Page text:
Saturday, January 14, 2012
The Day My Mother Died
My mother died six years ago, January 27, 2006. She died in a hospice in Sun City, Arizona. It was a beautiful place, out in the desert, cactus and sage and rocks and reddish sand all around. She would have liked it. Before she got too sick, she used to like sitting outside and enjoying the little bit of desert that she had in her own back yard.
She had come a long way to die.
She was born in a forest outside a small village west of Lvov, Poland in 1920. She loved that forest and probably would have stayed there her whole life except for the Germans. They came to her house and killed her mother and her sister and her sister's baby. My mother fled into the woods, but the soldiers caught her and put her on a train that took her to a slave labor camp in Germany. Once I asked my mother to tell me what happened on that train. She said that even though I was a grown man and a professor, she saw things she couldn't tell me about.
For a long time, she also wouldn't tell me much about the slave labor camps in Germany. She would wave her hand at me and just say, "If they give you bread, you eat it. If they beat you, you run away." When she did start telling me about the things that happened in the camp, some times I had to ask her not to tell me.
At the end of the war, my mother met my father, another Pole who had been in the slave labor camps. When my mom saw my dad, he was a scarecrow in rags. He weighed about 70 pounds and had only one eye. He had lost the other when a guard clubbed him for begging for food.
She was 23, he was 25. She had been a slave for 2 years, he had been one for 4.
They married and waited in the refugee camps in Germany until someone in America would agree to sponsor them so that they could come here. They waited for 6 years. During that time, they had two kids, my sister Danusha and me.
In June of 1951, we came to America. For a while my mom and dad worked on a farm to pay off their passage here. Then, we moved to Chicago, and my mom worked in a factory.
The way I remember it my Mom was always working, working in one factory or another and working around the houses she and my Dad bought. She would plaster walls, paint, sand floors, and varnish them too. There was no work that she wouldn't do.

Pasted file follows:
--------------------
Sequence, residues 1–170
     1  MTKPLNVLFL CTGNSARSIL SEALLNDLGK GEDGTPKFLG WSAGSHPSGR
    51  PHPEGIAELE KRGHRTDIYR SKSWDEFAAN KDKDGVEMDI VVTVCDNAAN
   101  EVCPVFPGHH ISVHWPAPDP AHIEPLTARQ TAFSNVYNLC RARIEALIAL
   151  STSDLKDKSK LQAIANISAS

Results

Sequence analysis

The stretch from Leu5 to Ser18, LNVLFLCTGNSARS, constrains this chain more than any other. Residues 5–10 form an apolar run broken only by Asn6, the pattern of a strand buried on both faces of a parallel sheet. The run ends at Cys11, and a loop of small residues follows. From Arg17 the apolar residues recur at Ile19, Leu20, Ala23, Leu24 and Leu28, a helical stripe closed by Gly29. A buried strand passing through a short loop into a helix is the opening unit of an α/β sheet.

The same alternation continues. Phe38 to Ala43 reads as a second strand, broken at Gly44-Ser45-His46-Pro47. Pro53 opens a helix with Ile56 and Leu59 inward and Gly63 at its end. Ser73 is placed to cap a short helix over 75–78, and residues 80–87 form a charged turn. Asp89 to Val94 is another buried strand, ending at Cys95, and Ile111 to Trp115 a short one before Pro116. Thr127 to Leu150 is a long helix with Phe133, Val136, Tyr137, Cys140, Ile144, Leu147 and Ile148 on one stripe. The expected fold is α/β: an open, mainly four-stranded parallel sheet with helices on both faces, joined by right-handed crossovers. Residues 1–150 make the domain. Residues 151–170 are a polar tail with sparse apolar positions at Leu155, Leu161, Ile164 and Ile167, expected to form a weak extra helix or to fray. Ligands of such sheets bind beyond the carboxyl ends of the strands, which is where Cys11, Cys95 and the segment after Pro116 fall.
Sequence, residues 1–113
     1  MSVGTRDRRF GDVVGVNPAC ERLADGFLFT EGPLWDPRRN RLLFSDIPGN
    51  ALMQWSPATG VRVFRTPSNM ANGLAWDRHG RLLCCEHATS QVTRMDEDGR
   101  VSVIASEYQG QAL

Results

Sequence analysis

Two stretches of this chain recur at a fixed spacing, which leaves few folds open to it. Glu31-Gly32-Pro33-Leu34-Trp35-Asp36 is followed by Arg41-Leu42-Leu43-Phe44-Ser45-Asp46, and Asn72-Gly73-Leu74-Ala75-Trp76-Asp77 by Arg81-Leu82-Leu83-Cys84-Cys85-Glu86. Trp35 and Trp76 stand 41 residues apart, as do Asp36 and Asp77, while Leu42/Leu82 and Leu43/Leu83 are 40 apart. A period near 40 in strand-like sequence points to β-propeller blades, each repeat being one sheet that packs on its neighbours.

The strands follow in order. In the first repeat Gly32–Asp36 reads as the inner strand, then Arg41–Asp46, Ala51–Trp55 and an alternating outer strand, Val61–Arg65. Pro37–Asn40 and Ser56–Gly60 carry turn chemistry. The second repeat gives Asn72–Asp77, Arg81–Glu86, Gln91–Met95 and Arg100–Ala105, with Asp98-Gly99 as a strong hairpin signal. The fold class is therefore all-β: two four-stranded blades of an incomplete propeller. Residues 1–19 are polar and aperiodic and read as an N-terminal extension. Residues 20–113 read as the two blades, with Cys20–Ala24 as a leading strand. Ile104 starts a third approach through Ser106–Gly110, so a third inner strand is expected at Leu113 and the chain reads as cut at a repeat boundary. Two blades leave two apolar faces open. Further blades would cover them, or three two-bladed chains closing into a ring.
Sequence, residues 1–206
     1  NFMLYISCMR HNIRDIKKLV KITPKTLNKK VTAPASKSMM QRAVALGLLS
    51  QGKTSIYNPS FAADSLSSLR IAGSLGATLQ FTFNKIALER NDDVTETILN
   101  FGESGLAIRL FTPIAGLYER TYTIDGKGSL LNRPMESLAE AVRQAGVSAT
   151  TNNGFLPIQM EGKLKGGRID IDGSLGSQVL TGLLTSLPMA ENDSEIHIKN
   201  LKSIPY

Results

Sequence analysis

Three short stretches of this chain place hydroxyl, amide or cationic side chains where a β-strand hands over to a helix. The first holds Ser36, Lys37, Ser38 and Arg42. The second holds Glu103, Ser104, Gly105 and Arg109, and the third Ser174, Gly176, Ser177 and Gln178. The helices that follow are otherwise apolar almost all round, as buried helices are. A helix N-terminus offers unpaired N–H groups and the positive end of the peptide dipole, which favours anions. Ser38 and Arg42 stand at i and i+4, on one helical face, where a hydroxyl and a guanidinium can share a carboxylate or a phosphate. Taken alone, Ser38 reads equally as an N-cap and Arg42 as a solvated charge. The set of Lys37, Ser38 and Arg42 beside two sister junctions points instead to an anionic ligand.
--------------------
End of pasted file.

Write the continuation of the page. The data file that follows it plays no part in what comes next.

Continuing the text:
When my parents retired, they finally moved out to Sun City, Arizona, a long way from the village in Poland my mom grew up in. After he died out there in 1997, she lived there alone, taking care of her house and the garden, making friends and thinking about her grandchildren.
I've written a lot of poems about her over the years, and since the day she died, I've been trying to write a poem about her dying. Let me tell you, it's not coming. I've got pages of notes and half starts for the poem, but for some reason none of the words and lines say what I want them to say about my mom and how I feel about her and how her death touched me. Maybe I'll be able to write the poem someday, but I can't do it right now.
So I want to end this with two of my favorite poems about my mom from my book Lightning and Ashes. The first one is called "What the War Taught Her," and the second is called "My Mother's Optimism."
What the War Taught Her
My mother learned that sex is bad,
Men are worthless, it is always cold
And there is never enough to eat.
She learned that if you are stupid
With your hands you will not survive
The winter even if you survive the fall.
She learned that only the young survive
The camps. The old are left in piles
Like worthless paper, and babies
Are scarce like chickens and bread.
She learned that the world is a broken place
Where no birds sing, and even angels
Cannot bear the sorrows God gives them.
She learned that you don't pray
Your enemies will not torment you.
You only pray that they will not kill you.
My Mother's Optimism
When she was seventy-eight years old
And the angel of death called to her
and told her the vaginal bleeding
that had been starting and stopping
like a crazy menopausal period
was ovarian cancer, she said to him,
“Listen Doctor, I don’t have to tell you
your job. If it’s cancer it’s cancer.
If you got to cut it out, you got to.”
After surgery, in the convalescent home
Among the old men crying for their mothers,
And the silent roommates waiting for death
she called me over to see her wound,
stapled and stitched, fourteen raw inches
from below her breasts to below her navel.
And when I said, “Mom, I don’t want to see it,”
She said, “Johnny, don't be such a baby.”
Six months later, at the end of her chemo,
my mother knows why the old men cry.
A few wiry strands of hair on head,
Her hands so weak she couldn’t hold a cup,
Her legs swollen and blotched with blue lesions,
She says, “I’ll get better. After his chemo,
Pauline’s second husband had ten more years.
He was playing golf and breaking down doors
When he died of a heart attack at ninety.”
Then my mom’s eyes lock on mine, and she says,
“You know, optimism is a crazy man’s mother.”
And she laughs.
The first photo is my mom, my sister, and me in Riverview Amusement Park in Chicago, around 1957.
The second photo is of my mom and my daughter Lillian, around 1982.